By this decision of September 1, 2000, Clinton, although committed to eventual deployment of a "limited" NMD, had deferred the deployment decision as well as the construction of the X-band radar in Alaska that would violate the 1972 Anti-Ballistic Missile (ABM) Treaty between the former Soviet Union and the U.S., to the new administration. The deployment of a missile defence system is, however, top priority for the Bush administration, thus fulfilling his election campaign promise. The exact mechanics and time-table for deployment are still evolving, according to the BMDO, the key to which will be the Defence Secretary's pending report on national security strategy by December and the on-going negotiations with Russia to bring President Vladimir Putin around from his current firm stand to stick by the ABM Treaty which is in conflict with the proposed missile defence system.

Indeed, Bush's enlarged missile defence concept - which he has called a "multilayered" system - will no longer be called NMD; it will be simply Ballistic Missile Defence (BMD) system which will include under its umbrella various scenarios and schemes of missile defence, as well as different systems of architecture, as against the single ground-based approach of the previous administration. Besides, providing a nationwide missile shield to the 50 states of the U.S. territory, the new system includes Theatre Missile Defence (TMD) and other missile defence concepts as part of a single system.

"Other alternatives to a ground-based system will be explored in the months and years ahead," Craig Quigley, the DoD spokesman, told a Pentagon press briefing in the run-up to the July 14 test, "various means of intercepting missiles in the boost, mid-course and terminal phase. And you could have some combination of sea-based, air-based, ground-based, air-borne laser. A variety of systems will receive research and development, testing and emphasis in the time ahead. Which ones will pan out, time will tell," he said.

The most comprehensive description of the change in the missile defence system was made by Lieutenant-General Ronald Kadish, the Director of the BMDO, during his testimony before the U.S. Senate Armed Services Committee on July 12 while presenting the DoD's 2002 budget for BMD programme. "The fundamental objective of the reconfigured missile defence programme," he said," is to develop the capability to defend the forces and territories of the U.S., its allies, and friends against all classes of ballistic missile threats." He told the Committee that at the direction of the Defence Secretary the BMDO was pursuing an R&D (Research and Develop-ment) and test programme that focusses on a single integrated BMD system, which does not differentiate between a TMD and an NMD, and the BMDO will deploy, over time, various combinations of sensors and weapons rather than committing itself to a single architecture.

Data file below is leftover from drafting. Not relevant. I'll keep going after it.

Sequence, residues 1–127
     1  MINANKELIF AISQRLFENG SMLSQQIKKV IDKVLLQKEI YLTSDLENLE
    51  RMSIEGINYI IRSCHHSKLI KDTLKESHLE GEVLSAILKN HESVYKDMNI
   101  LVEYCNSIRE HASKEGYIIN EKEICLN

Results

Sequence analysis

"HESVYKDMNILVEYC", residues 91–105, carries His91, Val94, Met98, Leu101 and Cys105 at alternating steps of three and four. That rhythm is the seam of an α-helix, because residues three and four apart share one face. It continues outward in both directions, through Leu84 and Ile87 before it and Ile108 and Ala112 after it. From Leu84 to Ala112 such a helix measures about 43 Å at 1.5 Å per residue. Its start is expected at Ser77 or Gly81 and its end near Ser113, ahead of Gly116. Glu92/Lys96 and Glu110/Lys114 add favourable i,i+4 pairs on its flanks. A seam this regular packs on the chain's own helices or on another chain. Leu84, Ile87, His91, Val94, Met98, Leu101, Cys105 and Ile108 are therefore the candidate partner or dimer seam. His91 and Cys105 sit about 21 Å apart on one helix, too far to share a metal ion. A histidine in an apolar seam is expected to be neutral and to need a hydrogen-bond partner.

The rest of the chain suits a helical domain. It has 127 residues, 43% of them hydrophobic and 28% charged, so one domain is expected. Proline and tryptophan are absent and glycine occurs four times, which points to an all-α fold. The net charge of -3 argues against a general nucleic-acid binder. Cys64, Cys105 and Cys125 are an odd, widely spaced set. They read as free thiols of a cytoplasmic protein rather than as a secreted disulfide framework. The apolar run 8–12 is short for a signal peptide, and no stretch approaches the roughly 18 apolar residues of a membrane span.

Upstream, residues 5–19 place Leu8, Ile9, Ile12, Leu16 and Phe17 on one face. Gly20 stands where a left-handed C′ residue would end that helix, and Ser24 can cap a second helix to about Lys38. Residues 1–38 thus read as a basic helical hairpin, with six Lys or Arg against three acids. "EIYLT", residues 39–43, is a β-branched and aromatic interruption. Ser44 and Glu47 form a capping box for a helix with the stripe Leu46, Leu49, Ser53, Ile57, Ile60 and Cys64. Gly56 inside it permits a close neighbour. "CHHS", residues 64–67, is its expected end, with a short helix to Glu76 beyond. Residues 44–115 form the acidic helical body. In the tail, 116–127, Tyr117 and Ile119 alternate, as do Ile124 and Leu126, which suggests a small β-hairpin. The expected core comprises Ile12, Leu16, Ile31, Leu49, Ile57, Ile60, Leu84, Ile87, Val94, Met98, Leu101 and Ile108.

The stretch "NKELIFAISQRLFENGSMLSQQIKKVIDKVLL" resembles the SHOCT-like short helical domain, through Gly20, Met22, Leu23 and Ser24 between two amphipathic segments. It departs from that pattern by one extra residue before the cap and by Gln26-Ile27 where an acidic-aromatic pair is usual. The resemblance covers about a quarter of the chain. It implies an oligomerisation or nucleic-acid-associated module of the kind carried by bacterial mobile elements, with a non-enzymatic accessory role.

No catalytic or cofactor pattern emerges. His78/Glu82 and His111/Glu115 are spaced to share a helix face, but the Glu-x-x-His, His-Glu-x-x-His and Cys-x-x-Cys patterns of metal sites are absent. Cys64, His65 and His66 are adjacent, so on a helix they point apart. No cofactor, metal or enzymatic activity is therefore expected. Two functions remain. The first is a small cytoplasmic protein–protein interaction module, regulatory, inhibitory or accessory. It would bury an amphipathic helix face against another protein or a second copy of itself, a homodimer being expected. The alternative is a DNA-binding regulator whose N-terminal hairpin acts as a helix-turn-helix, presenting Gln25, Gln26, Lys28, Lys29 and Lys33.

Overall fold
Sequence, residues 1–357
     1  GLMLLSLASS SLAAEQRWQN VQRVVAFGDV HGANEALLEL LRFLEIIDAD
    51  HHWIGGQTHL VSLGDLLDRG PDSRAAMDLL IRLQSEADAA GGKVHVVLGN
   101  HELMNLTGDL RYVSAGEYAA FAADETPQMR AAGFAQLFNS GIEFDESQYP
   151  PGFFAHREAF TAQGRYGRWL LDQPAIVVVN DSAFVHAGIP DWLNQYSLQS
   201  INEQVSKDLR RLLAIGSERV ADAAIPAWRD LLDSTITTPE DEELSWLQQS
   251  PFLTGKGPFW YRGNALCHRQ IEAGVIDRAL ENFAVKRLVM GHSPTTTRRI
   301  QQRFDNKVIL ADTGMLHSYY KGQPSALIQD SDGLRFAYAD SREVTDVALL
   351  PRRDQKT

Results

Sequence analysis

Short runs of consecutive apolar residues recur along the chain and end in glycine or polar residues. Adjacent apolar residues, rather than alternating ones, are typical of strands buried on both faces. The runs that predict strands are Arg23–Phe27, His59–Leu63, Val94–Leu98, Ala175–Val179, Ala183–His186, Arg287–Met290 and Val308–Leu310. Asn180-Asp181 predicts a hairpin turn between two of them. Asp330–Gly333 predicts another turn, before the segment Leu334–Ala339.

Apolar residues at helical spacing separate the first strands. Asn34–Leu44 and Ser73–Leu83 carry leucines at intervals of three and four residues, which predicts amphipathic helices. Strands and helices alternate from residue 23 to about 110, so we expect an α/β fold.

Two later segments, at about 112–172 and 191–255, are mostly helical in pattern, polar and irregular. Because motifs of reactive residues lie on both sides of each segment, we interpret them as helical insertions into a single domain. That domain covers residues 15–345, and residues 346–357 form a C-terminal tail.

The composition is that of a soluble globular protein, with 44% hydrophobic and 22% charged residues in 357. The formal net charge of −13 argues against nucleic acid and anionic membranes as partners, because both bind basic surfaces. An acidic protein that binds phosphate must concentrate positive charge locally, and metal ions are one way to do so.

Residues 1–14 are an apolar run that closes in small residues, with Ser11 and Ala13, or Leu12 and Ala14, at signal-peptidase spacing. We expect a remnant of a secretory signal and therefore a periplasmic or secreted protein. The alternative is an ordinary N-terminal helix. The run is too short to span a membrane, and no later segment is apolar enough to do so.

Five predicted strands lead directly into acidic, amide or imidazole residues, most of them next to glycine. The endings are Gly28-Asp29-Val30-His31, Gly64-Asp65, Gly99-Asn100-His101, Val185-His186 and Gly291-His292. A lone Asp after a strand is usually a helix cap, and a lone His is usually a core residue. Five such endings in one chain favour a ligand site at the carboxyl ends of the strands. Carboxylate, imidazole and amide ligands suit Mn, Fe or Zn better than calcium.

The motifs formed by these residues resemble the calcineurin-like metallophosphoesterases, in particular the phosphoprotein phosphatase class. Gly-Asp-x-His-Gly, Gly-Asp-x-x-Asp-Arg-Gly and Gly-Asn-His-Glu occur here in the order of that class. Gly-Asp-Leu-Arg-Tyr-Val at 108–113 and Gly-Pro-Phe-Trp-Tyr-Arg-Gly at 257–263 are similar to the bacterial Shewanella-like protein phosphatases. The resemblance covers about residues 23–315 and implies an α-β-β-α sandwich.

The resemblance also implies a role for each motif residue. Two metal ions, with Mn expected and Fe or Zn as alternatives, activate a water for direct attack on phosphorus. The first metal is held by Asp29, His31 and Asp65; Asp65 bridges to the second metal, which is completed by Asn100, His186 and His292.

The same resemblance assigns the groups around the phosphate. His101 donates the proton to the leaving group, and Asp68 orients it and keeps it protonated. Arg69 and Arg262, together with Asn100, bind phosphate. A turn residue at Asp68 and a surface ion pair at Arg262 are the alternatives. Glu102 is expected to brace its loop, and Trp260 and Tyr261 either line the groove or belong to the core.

His remarks now should be contrasted with his statement under the Clinton regime while countering criticisms that the NMD is essentially derived from the abandoned 'Star Wars': "The system we are developing is cetainly not Star Wars, or even "Son of Star Wars". Our architecture does not incorporate space-based weapons and is not designed to handle thousands of warheads in a massive nuclear exchange. Today's NMD is designed for a limited threat."

In his July 12 testimony Kadish said: "The Research, Development, Testing and Engineering (RDT&E) programme is designed to develop... layered defences that employ complementary sensors and weapons to engage threat targets in the boost, mid-course and terminal phases of flight and to deploy that capability incrementally... We will explore and demonstrate kinetic energy and directed energy kill mechanisms for potential sea-, ground-, air- and space-based operations..." "It does not define a specific architecture," Kadish said. "It does not commit to a procurement programme for a full-layered defence. There is no commitment to specific dates for production and deployment other than for the lower-tier terminal defence elements. It is not a rush to deploy untested systems; it is not a step-back to an unfocussed research programme; and it is not a minor change to our previous programme. Rather this programme is a bold move to develop an effective, integrated layered defence that can be deployed as soon as possible against ballistic missiles of all ranges."